“Goya, Carrière and the Ghost of Buñuel,” which plays Cannes Classics this Saturday, begins with French film great Jean-Claude Carrière in a train, singing an ancient song in Occitan, the language of Provence, where he came from.

Visiting Goya’s birthplace, he’ spies a cauldron and comments that there was one like that in his own family home.

Towards the end of the film, surveying “The Colossus,” Goya’s painting of a giant dominating tiny people in a valley below who flee in all directions, Carrière observes that the painting capture a sense of immigration. Unlike so many of his friends, and indeed his wife,  Nahal Tajadod, Carrière notes, he will have the privilege of being buried in the same place where he was born.

Directed by José Luis López Linares, (“Bosch: The Garden of Dreams”), ”Goya, Carriére and the Ghost of Buñuel” pictures Carrière coming to Spain to revisit and comment many of the great works of Francisco de Goya.

Carrière first came to real notice when photos in the ‘60s began to catch him, a rather dashing and dapper young man but with the straggly beard and hair of the time, walking or writing with Luis Buñuel.

Co-author of all of the Spanish master’s late period French films, such as “Belle de Jour” and “The Obscure Object of Desire,” Carrière went on to co-write movies by some of the world’s other greatest auteurs, whether Milos Forman (“Valmont”), Volker Schlöndorff  (“The Tin Drum”) or Julian Schnabel (“At Eternity’s Gate”).

So “Goya” captures Carrière doing what he did best: Interpreting genius. First visiting “The Threshing Ground,” Goya’s 1786 breakthrough work, he breaks it down in a few brief strokes: the painter’s sympathy for ordinary folk, caught in the class contrast between the castle looming in the background, and the hay rick in foreground, which Goya paints as if it were bigger.

Jean-Claude Carrière died suddenly in February 2021. The emotional impact of the documentary comes from its using his visit to Spain to suggest his larger life journey and a throughline stretching back via Buñuel, to Goya himself..

“You have to think of Luis Buñuel and Jean-Claude in the same breath as you do Goya,” says Julian Schnabel in one of the film’s selective third-party commentaries.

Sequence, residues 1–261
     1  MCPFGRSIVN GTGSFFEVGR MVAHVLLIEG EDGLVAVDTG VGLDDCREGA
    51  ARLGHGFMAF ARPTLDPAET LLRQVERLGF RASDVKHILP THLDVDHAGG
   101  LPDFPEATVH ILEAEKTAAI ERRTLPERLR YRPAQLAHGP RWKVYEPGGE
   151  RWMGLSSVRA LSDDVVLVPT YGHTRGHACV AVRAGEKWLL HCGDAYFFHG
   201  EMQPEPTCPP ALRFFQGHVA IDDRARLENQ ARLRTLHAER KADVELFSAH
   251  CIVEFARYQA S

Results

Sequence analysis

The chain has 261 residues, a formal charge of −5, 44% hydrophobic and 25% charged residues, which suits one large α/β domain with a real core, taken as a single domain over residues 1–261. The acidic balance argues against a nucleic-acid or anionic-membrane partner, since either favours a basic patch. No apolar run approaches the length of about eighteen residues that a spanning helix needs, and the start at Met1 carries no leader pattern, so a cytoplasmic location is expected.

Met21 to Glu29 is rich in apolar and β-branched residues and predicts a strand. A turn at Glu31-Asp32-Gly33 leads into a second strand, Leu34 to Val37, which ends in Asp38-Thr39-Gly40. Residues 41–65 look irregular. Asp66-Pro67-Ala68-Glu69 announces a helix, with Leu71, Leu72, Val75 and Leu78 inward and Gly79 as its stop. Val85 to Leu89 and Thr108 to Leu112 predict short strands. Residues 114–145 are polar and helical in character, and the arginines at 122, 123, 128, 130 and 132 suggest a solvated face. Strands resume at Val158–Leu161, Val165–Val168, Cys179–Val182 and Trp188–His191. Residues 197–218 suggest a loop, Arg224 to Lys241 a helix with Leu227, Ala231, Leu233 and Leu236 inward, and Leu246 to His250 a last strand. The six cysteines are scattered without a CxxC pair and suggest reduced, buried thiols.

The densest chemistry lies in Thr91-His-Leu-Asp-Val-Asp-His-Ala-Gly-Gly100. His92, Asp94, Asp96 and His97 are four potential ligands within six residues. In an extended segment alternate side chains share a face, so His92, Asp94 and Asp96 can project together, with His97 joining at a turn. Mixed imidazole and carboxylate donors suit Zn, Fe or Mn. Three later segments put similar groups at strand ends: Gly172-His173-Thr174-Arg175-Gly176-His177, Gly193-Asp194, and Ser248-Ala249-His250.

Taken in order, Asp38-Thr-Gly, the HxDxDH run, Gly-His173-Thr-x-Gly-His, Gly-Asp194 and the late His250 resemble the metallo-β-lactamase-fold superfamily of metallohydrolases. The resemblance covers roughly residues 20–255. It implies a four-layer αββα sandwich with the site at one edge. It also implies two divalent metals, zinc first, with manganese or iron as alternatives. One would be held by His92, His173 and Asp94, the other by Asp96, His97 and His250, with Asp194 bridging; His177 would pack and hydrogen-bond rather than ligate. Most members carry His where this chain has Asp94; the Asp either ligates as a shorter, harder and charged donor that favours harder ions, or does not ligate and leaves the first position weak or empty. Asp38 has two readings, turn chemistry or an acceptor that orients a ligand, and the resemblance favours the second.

“The generosity and at the same time the freedom and the youth. At 89 years old, he was an absolute child but he had an encyclopaedia of feeling and talent. We won’t see many people like Jean-Claude Carrière coming through these doors,” Schnabel added.

Sold by Reservoir Docs, “Goya, Carrière and the Ghost of Buñuel” is produced by France’s Mondex Films and Milonga Productions, Spain’s López-Li Films and Zampa Audiovisual and Portugal’s Fado Filmes.

“José Luis and Jean-Claude’s combined talents has proven a perfect match. They were able to avoid a mere monography and overlasting ‘catalogue raisonné,’ catching the very essence of Goya’s vision and reflections about the human condition,” said Guy Amon and Stéphane Sorlat at Mondex. “It has been a privilege to take part in the adventure and we are deeply moved by their inspired work which is a reward far beyond our best expectations as producers.”

Variety talked to López Linares whose doc features have played Berlin (“The Chicken, the Fish and the King Crab”) and Venice (2003’s “Un instante en la vida arena”) and now Cannes.

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Goya, Carriere and the Ghost of Bunuel Courtesy of Reservoir Docs

“Goya, Carrière and the Ghost of Buñuel” delivers a guide to Goya and captures Jean-Claude Carriere at the height of his powers, interpreting genius. How did that mixture come about?

After the success of “Bosch: The Garden of Dreams,” which was made with France, we had the chance to make this film. My idea was for Jean-Claude to collaborate On the screenplay. He preferred not to write but he did come to Spain for 10 days.  We then shot in Paris and a lot of places. We didn’t really talk in detail about what he should do. He would stand in front of a painting and would start to tell a story and say what he wanted. Yes, he was a genius at interpreting, and what he said was beautiful and fascinating…

I have the impression that the documentary invented itself as it was being shot…

We shoot all our documentaries without a predetermined script. When Jean-Claude says goodbye to the two “Maja” paintings in the Prado, we never imagined it was for real. We didn’t expect Jean-Claude’s death, which made us rethink the film. We wanted to portray the process of making the documentary, and suggest his life, told by his friends, people who knew him. Yes, there’s a certain sense of journey as he visits Goya’s birthplace and remembers back to his own youth. We’d finish a shot but we’d keep the sound running because Jean-Claude would go on telling fascinating tales…

As a director, what were your guidelines when making “Goya, Carrière and the Ghost of Buñuel”?

Follow Jean-Claude. I’d say: “When you’re ready, and Jean-Claude would be off. Sometimes in the Prado, we didn’t even know which way he’d go, and weren’t really prepared! Then find the sense of the film in editing., and bring in other commentators.

One of whom appears to give a highly original interpretation to Goya’s celebrated 1795 “The White Duchess”, a portrait of the Duchess of Alba painted when Goya was totally deaf….

I’m not sure if everybody realises that Goya lost his hearing totally, in a matter of several weeks. The film emphasises this to a certain point. He had to write down everything to be understood. We wanted to give something of an idea of how his life must have changed….